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Jacobs House (Jacobs-Dolph House, Southwest Park Avenue and Montgomery Street)

Minor%20White%2C%20%3Cb%3E%3Ci%3E%20Jacobs%20House%20%28Jacobs-Dolph%20House%2C%20Southwest%20Park%20Avenue%20and%20Montgomery%20Street%29%3C%2Fi%3E%3C%2Fb%3E%2C%20ca.%201939%2C%20gelatin%20silver%20print%2C%20Courtesy%20of%20the%20Fine%20Arts%20Program%2C%20Public%20Buildings%20Service%2C%20U.S.%20General%20Services%20Administration.%20Commissioned%20through%20the%20New%20Deal%20art%20projects%2C%20public%20domain%2C%20L42.2.10
Minor White, Jacobs House (Jacobs-Dolph House, Southwest Park Avenue and Montgomery Street), ca. 1939, gelatin silver print, Courtesy of the Fine Arts Program, Public Buildings Service, U.S. General Services Administration. Commissioned through the New Deal art projects, public domain, L42.2.10

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Details
Title

Jacobs House (Jacobs-Dolph House, Southwest Park Avenue and Montgomery Street)

Related Titles

inscribed: Jacobs House

Artist

Minor White (American, 1908-1976)

Date

ca. 1939

Medium

gelatin silver print

Dimensions (H x W x D)

image: 13 9/16 in x 10 1/2 in; sheet: 13 9/16 in x 10 1/2 in

Inscriptions & Markings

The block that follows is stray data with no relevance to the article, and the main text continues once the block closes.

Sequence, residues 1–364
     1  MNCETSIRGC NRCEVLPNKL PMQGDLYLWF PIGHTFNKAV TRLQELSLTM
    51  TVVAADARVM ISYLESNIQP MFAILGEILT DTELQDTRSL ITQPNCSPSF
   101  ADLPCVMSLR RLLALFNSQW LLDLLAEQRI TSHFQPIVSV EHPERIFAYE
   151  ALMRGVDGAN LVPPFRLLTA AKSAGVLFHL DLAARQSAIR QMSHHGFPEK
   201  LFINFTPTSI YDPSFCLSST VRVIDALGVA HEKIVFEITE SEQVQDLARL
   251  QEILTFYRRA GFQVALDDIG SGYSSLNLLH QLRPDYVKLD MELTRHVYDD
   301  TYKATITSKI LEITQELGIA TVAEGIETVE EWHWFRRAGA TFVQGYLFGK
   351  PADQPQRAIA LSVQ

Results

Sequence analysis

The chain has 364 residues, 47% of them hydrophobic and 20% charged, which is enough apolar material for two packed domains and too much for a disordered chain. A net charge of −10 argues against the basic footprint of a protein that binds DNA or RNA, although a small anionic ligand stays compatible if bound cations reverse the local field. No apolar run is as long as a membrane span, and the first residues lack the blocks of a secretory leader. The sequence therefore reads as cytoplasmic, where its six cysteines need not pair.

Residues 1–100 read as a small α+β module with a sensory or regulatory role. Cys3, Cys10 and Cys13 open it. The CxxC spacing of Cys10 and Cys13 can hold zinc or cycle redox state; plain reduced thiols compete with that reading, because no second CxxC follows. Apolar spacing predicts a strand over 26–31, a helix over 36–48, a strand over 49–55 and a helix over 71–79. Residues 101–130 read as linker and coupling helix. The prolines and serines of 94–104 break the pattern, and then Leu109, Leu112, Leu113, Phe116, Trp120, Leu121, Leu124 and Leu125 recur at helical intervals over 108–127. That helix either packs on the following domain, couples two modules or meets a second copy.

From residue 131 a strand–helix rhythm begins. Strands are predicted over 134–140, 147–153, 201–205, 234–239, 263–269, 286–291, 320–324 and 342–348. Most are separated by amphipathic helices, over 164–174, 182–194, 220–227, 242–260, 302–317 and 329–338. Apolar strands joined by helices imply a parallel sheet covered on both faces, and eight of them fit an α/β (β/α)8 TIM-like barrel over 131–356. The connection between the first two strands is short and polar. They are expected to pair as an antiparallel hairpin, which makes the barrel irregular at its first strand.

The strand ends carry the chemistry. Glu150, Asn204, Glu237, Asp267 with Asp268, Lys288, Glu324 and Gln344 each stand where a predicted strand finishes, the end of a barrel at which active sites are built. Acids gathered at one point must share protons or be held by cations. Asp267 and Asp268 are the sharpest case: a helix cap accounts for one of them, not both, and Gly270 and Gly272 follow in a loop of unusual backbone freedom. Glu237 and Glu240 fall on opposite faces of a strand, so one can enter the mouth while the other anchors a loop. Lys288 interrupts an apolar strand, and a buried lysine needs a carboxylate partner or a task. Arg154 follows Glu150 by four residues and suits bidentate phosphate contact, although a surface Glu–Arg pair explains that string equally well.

title: Jacobs House, graphite, bottom left

signature: Minor White, graphite, bottom right

Collection Area

Photography; Northwest Art

Category

Photographs

Object Type

photograph

Culture

American

Credit Line

Courtesy of the Fine Arts Program, Public Buildings Service, U.S. General Services Administration. Commissioned through the New Deal art projects

Accession Number

L42.2.10

Copyright

public domain

Terms

gelatin silver prints

mansions

photographs

Picturing Oregon

Works Progress Administration Artworks

Place Made

Created in and depicts: Portland

Created in and depicts: Oregon

Location

Jubitz Center for Modern and Contemporary Art

2nd Floor Mezzanine

Jim and Susan Winkler Gallery

Description

Once part of a pair of adjacent homes built for brothers Ralph and Isaac Jacobs in 1880 along the South Park Blocks (now the location of the Vue Apartments), the Jacobs House was an influential example of the Italianate style, which looked to aspects of Italian Renaissance architecture for inspiration. White's photograph, made from an unusually low viewpoint, outlines some of the mansion's stylistic elements, but emphasis is placed on the landscape, suggesting a private and picturesque yard. In 1942, White returned to the Jacobs House to photograph it thoroughly. A number of these later images of the mansion are on view nearby.

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